Edo-nobori were Ryūkyūan pilgrimages to Edo on official occasions, like the enthronement of a new Ryūkyūan king or the succession of a new Shōgun in Japan. During these pilgrimages a very few number of weapons were carried by Ryūkyūans like spears, dragon-blade halberds and red-lacquered cudgels called Muchi. These were a fixed part of all Edo-nobori and seem to have been in line with an official protocol. They were of a rather ceremonial kind and used mainly to underline the “otherness” of Ryūkyū’s exotic nature. As the Ryūkyū pilgrimage was accompanied by hundreds of Satsuma warriors and as the pilgrimage took place inside the boundaries of Japan, there was no actual need to be prepared for self-defense. However, although ceremonial in nature there were obviously some secret police agents or bodyguards among the Ryūkyūans, albeit not openly designated as such and basically acting veiled from outsiders. There is also a hint to martial arts performed during these pilgrimages.
For example, on Ryūkyūan soil as well as during travels to Satsuma all princes (ōji) and uēkata were assigned to and accompanied by a certain number of police captains (yoriki). As the chief and vice envoys of the Edo-nobori were all princes (ōji) and uēkata it is rather conspicuous that no such police captains are given in the descriptions. This fact can be ascribed to the special circumstances under which the Edo-nobori were orchestrated by the Satsuma: policemen and military were not part of the intended perception portrayed towards the Japanese people and the shōgunate government.
In 1710 Misato Ōji and Yoza Uēkata were sent as congratulatory envoys for the new Shōgun Ienobu. At the same time Tomigusuku Ōji and Tomori Uēkata were dispatched as gratitude envoys for the enthronement of King Shō Eki. The mission comprised of one hundred sixty-eight Ryūkyūans in total (see Tsuko Ichiran, RKB 9). Among the Ryūkyūan retinue two persons with red-lacquered cudgels are found, described as “bō for punishment”, (seibaibō 成敗棒) and probably made of split bamboo similar to a kendō shinai. They seem to have been invented and intended as a kind of policeman’s truncheon. For the year 1714 it was noted that two Ryūkyūans carried “crimson color bō“ in their hands (See Tsūkō-ichiran). For the Edo-nobori in 1832 we find the red cudgels colorfully depicted and used by the guards, here described as keimuchi 刑鞭, i.e. “baton of punishment”, concurring with the 1710 description (See: Ryūkyū-koku Raiheiki. In: Iha Fuyū Bunko). Keimuchi is another name for the Muchi 鞭, which in Ryūkyūan dialect is pronounced ben ベン or waimuchi ワイブチ, literally whip or rod, described as red-lacquered cudgels or other sorts of bō.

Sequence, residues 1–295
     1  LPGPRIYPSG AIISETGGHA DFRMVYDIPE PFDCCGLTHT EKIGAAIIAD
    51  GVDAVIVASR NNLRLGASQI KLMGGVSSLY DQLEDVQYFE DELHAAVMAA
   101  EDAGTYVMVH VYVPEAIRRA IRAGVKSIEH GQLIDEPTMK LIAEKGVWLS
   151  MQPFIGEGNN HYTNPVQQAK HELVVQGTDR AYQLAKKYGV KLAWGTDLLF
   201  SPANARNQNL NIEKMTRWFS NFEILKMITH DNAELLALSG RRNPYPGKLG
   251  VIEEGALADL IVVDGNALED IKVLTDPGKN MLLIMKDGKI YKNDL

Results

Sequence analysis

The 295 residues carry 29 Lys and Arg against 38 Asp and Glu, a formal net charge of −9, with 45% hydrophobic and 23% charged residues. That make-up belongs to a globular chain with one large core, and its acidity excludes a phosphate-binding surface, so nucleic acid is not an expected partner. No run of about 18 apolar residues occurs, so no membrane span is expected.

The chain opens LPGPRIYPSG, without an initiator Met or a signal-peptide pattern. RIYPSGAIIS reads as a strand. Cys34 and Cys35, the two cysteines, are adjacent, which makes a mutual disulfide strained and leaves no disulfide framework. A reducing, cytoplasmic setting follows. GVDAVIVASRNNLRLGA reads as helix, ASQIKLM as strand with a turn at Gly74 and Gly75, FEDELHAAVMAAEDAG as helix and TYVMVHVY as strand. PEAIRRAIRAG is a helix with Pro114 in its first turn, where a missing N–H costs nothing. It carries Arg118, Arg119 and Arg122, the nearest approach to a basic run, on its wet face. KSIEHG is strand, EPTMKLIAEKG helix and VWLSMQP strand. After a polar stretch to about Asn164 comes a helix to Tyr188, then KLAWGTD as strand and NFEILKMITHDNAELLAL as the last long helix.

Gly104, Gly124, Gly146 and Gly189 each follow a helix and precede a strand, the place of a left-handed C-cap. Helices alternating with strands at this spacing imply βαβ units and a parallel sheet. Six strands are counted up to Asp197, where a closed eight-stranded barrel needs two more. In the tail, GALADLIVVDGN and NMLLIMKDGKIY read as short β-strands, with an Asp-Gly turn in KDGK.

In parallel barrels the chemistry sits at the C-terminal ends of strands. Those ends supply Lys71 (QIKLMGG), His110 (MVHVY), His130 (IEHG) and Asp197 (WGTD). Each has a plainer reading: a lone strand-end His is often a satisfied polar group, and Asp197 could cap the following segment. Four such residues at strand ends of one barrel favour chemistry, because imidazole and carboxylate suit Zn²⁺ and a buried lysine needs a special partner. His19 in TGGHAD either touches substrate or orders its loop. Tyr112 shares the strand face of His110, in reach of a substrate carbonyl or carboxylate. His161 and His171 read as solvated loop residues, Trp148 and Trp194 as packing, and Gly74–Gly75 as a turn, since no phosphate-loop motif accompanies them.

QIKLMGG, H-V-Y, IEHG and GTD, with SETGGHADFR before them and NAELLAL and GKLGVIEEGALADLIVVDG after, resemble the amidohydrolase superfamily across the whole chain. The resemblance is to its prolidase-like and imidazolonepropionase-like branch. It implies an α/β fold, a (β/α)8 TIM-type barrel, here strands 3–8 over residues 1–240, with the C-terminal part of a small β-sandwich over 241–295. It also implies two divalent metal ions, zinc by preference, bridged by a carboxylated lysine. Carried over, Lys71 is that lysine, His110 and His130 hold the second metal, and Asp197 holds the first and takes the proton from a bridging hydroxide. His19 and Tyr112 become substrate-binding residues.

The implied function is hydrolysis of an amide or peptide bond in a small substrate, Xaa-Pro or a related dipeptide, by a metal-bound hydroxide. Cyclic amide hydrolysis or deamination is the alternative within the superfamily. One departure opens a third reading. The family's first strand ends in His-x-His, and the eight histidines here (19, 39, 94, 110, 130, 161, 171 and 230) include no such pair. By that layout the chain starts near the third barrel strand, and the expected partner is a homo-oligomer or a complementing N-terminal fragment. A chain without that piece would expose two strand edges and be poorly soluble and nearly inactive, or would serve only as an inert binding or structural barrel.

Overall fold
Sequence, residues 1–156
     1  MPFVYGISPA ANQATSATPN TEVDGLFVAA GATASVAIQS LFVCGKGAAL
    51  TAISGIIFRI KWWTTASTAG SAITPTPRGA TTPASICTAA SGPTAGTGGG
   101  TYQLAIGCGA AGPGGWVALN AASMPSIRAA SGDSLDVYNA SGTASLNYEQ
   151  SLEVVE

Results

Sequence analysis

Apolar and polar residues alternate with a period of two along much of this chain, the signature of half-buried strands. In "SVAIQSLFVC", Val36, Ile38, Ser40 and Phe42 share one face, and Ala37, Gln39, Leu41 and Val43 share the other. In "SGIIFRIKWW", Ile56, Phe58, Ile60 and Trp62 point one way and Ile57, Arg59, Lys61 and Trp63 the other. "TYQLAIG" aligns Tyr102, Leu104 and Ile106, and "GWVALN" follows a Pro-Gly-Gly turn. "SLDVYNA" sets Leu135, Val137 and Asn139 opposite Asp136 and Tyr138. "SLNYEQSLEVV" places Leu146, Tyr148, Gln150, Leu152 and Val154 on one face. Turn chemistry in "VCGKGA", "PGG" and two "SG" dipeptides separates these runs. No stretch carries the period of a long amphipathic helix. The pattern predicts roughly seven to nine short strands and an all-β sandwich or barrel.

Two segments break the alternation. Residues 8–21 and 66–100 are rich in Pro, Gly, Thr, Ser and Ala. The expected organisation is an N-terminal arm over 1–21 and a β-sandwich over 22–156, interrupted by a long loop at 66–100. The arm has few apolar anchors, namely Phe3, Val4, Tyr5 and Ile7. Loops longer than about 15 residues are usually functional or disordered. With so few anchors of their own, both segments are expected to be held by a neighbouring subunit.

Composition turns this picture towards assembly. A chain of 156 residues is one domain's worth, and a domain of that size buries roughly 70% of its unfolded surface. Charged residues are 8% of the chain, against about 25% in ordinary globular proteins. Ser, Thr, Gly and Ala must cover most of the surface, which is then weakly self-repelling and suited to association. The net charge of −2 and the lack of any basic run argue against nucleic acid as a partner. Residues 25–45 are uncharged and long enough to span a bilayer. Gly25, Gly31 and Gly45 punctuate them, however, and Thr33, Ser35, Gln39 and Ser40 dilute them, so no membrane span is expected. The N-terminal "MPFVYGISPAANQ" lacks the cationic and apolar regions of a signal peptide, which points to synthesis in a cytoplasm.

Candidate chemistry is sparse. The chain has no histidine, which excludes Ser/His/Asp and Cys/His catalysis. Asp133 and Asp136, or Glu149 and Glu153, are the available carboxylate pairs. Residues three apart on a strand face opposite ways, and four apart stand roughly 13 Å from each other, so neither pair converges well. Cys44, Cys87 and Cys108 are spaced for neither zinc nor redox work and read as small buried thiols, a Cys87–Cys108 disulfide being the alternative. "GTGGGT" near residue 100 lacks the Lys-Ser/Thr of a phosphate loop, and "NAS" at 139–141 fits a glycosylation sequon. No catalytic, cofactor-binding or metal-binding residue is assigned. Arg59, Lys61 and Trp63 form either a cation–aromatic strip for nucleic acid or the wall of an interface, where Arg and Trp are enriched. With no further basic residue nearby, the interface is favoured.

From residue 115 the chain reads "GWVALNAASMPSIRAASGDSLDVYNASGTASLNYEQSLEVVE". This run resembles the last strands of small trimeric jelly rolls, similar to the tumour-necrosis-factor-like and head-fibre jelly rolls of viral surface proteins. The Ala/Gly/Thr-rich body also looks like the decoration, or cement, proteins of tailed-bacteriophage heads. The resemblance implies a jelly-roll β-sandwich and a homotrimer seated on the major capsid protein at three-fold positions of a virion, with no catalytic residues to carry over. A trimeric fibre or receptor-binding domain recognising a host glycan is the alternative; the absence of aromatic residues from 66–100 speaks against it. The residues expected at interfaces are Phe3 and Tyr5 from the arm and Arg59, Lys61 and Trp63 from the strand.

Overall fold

A clue to martial artists during Edo-nobori is also found in the mission members called shisan. It is generally agreed upon that they served as chief aides to the chief and vice envoys and are further considered to have been the head of guards and similar to the Japanese uma-mawari, or warriors as bodyguard close to the lord. In fact, police captains are found among the shisan when comparing different accounts: While the Tsūkō-ichiran uses the term “police captain” for specific persons, a picture scroll depicting the Edo-nobori of 1710 uses the term shisan for exactly the same persons. According to my analysis the same is true for the official Ryūkyūan genealogies. In the 1710 Edo-nobori there were 15 shisan, twelve of which were of pēchin rank and three of satonushi rank. They rode on horseback and each was accompanied by two Ryūkyūan attendants on foot. As a side note and as regards weapons in Ryūkyū, the mission presented two swords as gifts to the Shōgun (see TIR-RKB 9, 10).
Since at least 1766 a new terminology was chosen: the police captains of the Edo-nobori were abolished and instead “secret investigators” (naishobun) established. For the Edo-nobori in 1790 – for the first and last time – a “secret police captain” (nainai yoriki-yaku) by the name of Misato Pēchin is noted. Afterwards this duty was finally kept completely secret from people as well as from authorities.
The term kon as seen in today’s bōjutsu is first found in the account of Wang Ji, investiture envoy of 1683. He also describes the official training area for the Chinese officers and military, situated in Tsūji, Kume village, Naha. This was more than 70 years before famous Chinese military officer Kūsankū demonstrated unarmed martial techniques to Ryūkyūans in 1756.
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